About 105,000 tourists traveled to Iran in the last Iranian year (ended March 20) to receive medical care, the secretary of Health Tourism Strategic Council said.
Speaking to ISNA, Mohammad Ali Fayyazi added that the tourists had their paperwork processed by one of Iran’s 35 health tourism travel agencies licensed to operate in the sector.
The figure could be higher because many medical tourists either travel independently or are brought to Iran by unauthorized entities. In neither case do travelers obtain health tourism visas, which means they’re not registered as medical tourists.
“Most of the tourists came from Iraq, Azerbaijan, Armenia and the Persian Gulf littoral countries,” he said.
According to Mohammad Hossein Mirdehqan, director of Monitoring and Accreditation of Medical Services Office at the Health Ministry, a medical tourist spends between $3,600 and $7,600 on every trip.
So, by taking the average ($5,600), Iran’s revenue from medical tourism last year amounted to $588 million, slightly more than the previously reported figures.
Based on the sixth economic development plan (2017-22), Iran is projected to attract between 500,000 and 600,000 medical tourists every year. However, some officials have questioned whether this target is feasible.
Foreign Ministry officials have urged medical tourists traveling independently to Iran to apply for a visa online at http://e_visa.mfa.ir.
Iran issues visa on arrival at 10 international airports to citizens of over 180 countries. However, to develop its health tourism industry, it requires health tourists to apply for a “T Visa”, issued only to medical travelers.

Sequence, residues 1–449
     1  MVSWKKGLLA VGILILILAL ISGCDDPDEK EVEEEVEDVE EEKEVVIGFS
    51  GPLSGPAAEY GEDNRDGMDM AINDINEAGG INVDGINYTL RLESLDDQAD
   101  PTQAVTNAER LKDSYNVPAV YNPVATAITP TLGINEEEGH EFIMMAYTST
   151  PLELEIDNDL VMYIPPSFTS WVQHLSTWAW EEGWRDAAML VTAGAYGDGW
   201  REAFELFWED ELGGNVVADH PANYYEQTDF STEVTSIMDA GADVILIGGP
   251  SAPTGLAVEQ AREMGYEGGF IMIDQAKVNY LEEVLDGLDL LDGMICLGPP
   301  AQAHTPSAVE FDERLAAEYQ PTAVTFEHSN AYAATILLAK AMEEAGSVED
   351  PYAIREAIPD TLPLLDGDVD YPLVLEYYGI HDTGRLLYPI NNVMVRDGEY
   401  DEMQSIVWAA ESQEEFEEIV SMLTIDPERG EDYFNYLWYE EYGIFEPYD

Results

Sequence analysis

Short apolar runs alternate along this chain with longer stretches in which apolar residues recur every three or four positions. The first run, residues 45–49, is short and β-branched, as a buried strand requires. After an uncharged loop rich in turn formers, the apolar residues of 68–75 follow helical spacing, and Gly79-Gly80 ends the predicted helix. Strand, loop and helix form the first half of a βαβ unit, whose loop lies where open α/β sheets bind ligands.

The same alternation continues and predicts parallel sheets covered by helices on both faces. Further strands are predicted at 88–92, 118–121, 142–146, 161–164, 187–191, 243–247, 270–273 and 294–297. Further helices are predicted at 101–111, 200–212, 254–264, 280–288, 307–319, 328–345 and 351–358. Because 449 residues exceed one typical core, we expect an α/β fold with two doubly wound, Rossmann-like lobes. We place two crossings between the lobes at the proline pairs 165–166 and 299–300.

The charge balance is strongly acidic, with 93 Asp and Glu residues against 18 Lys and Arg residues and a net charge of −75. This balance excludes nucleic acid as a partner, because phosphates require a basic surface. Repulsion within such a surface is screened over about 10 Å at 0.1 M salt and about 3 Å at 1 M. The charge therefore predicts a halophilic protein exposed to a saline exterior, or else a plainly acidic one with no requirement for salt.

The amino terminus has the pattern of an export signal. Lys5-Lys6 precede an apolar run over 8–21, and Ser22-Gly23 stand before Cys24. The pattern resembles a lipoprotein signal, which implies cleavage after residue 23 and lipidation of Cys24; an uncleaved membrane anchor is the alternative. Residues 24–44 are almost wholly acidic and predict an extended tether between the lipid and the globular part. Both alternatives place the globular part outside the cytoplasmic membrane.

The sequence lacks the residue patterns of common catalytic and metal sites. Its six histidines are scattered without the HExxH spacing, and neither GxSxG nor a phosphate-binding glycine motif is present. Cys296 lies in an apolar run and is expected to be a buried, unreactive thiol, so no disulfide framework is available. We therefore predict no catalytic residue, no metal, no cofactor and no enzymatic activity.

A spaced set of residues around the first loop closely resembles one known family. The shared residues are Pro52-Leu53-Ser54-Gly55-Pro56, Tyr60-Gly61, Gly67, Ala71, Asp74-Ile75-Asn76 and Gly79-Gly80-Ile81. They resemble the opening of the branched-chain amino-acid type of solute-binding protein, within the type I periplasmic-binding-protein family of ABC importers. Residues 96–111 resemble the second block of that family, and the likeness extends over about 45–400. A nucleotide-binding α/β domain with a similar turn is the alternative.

Iran says it will help it with key statistics, such as where most health tourists come from and what type of service they need.
Along with halal tourism, medical tourism is a strategic focus area for Iran to develop its travel sector due to high quality yet affordable healthcare, particularly compared with that in regional countries.
Geographical proximity, hot and cold mineral springs in various parts of the country as well as low-cost and high quality health services in the fields of fertility treatment, stem cell treatment and dialysis, as well as heart, cosmetic and eye surgeries, have created new opportunities in Iran’s health tourism—a growth industry in many countries.
Some 400 hospitals are active in the field of health tourism, but only 170 have been granted permits to set up an International Patients Department.
“Unfortunately, many hospitals still admit health tourists brought to Iran by unauthorized middlemen; they seem to be more keen to work with them,” Fayyazi said, urging the Health Ministry to take measures against healthcare facilities that hurt the development of the sector.
Neglected for years, health tourism was thrust into the limelight following the election of President Hassan Rouhani in 2013.
Two years later, Health Tourism Strategic Council was formed with the representatives of health and foreign ministries, the Medical Council of the Islamic Republic of Iran and Iran’s Cultural Heritage, Handicrafts and Tourism Organization to organize the country’s health tourism sector.
The council has been able to instill discipline in the sector by regulating institutions operating in this field and pave the way from the establishment of healthcare hubs in Isfahan, Tabriz and Mashhad.
Iran’s ultimate goal is to earn around $25 billion a year through tourism by 2025, around $2.5 billion of which will come from medical tourism.